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AIDS Advances May Be Compromised by Legislative Inaction

9:34 am in Uncategorized by brasch

 

by Walter Brasch

 

AIDS Life Cycle

Researchers at Temple University in Philadelphia may have found an entry-way to the cure for AIDS.

Once the HIV virus enters the body it can lie dormant for years. It can also evolve into AIDS.  But, until now, it could never be removed.

It’s far too early to claim an AIDS cure—there still has to be several years of clinical trials— but this may be as close to a solution as scientists have come.

There can be a lot of politics in medical science, but the researchers at least have the wisdom to know they must work together and focus upon the people not the politics.

Even if there is a cure for AIDS, even if there are significant advances in the treatment and cure of other communicable diseases, it may not mean much if patients can’t get the medical treatment they need because obstructionists are doing their best to separate the people from the solution.

Two hours west of Philadelphia is Harrisburg, the Pennsylvania state capital. This is where Gov. Tom Corbett and his well-oiled legislature shut down 15 of 60 public health clinics, have plans to shut down nine more to “save” about $3 million a year, and laid off 73 nurses and support staff. In July, the state Supreme Court issued an emergency injunction to prevent the state from shutting down more health clinics, and is reviewing a petition to force the administration to reopen the other clinics. Under the Corbett administration, Pennsylvania ranks 43rd of 50 states in per capita public health spending, according to the Robert Wood Johnson Foundation.

The governor also vetoed a budget item to spend $2 million a year from tax revenue generated by oil and gas companies to do research about the effects of fracking upon the people’s health, to provide health care information, to treat those who may have been affected by air and water pollution from fracking, and to establish a health care registry that would help identify problems. But he was more than willing to give all kinds of tax breaks to oil and gas companies, including Royal Dutch Shell, a foreign corporation, which he handed a $1.7 billion tax credit. If the state taxed gas extraction companies at a rate at least that of other states, there would be at least another $500 million a year that could be used to help protect the people’s health and their environment.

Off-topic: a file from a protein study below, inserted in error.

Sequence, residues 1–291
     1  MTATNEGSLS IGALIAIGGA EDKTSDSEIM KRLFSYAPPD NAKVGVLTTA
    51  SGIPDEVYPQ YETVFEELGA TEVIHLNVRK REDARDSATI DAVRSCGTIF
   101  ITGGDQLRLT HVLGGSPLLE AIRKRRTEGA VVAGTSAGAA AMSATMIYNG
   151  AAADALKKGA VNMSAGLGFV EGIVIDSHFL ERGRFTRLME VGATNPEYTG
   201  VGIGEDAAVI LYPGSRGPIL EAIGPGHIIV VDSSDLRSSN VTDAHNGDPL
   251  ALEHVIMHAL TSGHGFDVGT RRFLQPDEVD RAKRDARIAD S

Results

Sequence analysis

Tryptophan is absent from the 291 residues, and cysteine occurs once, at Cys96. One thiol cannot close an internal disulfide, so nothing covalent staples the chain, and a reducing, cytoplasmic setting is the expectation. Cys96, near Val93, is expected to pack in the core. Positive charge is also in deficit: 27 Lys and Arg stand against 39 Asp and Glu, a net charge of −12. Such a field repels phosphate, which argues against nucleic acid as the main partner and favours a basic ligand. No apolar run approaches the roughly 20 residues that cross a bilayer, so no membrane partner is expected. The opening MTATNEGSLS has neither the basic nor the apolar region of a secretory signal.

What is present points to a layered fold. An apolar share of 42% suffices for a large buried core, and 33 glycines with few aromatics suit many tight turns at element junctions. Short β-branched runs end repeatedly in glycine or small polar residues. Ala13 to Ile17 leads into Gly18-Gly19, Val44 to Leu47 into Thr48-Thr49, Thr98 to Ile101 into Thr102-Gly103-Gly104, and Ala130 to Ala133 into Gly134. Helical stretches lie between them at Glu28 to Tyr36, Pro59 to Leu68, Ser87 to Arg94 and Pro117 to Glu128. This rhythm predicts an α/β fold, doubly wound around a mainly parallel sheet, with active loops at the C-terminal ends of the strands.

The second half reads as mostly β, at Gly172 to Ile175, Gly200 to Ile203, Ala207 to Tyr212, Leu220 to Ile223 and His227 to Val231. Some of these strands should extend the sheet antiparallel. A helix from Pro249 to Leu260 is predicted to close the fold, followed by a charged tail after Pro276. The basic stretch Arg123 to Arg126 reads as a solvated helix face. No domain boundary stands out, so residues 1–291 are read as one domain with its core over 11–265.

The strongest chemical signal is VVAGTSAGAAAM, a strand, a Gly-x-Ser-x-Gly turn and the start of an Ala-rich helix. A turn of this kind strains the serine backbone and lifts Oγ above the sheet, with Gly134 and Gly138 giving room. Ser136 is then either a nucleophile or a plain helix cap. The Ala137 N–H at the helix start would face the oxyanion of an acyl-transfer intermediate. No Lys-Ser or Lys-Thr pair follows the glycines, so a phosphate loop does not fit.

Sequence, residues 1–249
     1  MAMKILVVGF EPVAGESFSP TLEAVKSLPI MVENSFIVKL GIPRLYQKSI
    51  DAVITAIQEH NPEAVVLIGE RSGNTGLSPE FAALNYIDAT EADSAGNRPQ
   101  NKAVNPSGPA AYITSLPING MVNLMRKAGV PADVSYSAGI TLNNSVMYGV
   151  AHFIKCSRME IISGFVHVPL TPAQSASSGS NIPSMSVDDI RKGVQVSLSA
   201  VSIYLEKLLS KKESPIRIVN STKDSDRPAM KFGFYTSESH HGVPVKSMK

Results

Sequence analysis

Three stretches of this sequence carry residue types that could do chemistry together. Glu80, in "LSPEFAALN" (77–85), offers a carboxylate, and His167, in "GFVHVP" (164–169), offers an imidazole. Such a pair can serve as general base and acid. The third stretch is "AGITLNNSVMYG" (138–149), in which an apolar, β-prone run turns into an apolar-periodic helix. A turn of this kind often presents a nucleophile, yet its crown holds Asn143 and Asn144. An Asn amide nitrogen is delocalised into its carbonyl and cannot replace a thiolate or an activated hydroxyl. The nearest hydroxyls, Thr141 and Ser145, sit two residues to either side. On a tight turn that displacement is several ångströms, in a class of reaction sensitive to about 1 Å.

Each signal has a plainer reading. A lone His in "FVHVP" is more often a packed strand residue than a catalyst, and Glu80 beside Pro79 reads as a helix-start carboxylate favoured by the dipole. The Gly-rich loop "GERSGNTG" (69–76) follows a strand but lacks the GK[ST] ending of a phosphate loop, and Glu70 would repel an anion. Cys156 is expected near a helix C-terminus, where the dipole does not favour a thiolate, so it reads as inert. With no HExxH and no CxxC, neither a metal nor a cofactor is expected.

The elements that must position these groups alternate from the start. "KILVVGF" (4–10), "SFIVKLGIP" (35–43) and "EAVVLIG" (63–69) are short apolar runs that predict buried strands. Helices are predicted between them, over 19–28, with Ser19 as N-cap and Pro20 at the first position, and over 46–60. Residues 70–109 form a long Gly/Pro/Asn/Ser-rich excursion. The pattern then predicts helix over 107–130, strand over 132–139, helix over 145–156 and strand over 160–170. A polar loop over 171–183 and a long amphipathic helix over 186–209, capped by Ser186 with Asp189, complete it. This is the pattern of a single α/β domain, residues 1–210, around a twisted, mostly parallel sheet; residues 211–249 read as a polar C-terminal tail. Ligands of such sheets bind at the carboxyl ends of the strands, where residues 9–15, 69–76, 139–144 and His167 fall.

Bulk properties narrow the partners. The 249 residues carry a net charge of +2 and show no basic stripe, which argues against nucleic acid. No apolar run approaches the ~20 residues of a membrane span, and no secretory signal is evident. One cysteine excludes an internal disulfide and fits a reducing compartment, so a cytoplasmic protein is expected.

More than 50 times, the Republican-controlled U.S. House of Representatives has tried to wipe the Affordable Care Act (ACA) off the books. This quixotic mission will continue to fail for two reasons. First, the Supreme Court of the United States, which has a majority of conservatives, ruled the Act is constitutional. Second, all evidence shows the Act has led to better health care and at least 2.3 million Americans covered who couldn’t get insurance prior to the passage of the ACA. More than eight million Americans have already signed up for ACA coverage, and are now receiving better health care at lower insurance rates. Further, because of the ACA, more than 5.5 million senior citizens and disabled have saved about $4.5 billion on prescription drugs in the past three years, according to the U.S. Department of Health and Human Services.

Fourteen “red” states have chosen not to be a part of the ACA, their legislatures adamantly refusing to agree to anything that President Obama has proposed, even if it means the people suffer. The impartial Rand Corp. estimates these states will spend about $1 billion more taxpayer funds than if they expanded Medicaid under ACA provisions. Because of their refusal to agree to the ACA, almost four million residents of their states will continue to be uninsured, forcing the state and hospitals to pay for emergency medical care for low-income individuals. (In Pennsylvania, with a Republican governor and legislature, if the state agreed to implement the ACA, the savings would be about $600 million the first year.) However, the rabid Right Wing has continued to sling a barrage of lies and half-truths, usually picked up, channeled, and reported by the mass media. The time and money devoted to this political gesturing by Right Wing politicians could better be spent on funding research to find cures for Ebola, multiple sclerosis, numerous forms of cancers, and dozens of other life-threatening diseases.

This is the same Congress that had blocked funding to improve the VA system, while spending $3 million this year alone to investigate what they have created as the Benghazi Scandal. It’s already been investigated and re-investigated. Senior military commanders and impartial diplomats have already told the truth, but the House still wants to throw out its chest and throw a junior-high tantrum. Think of what that $3 million can do to help the nation’s homeless, about one-fourth of them veterans.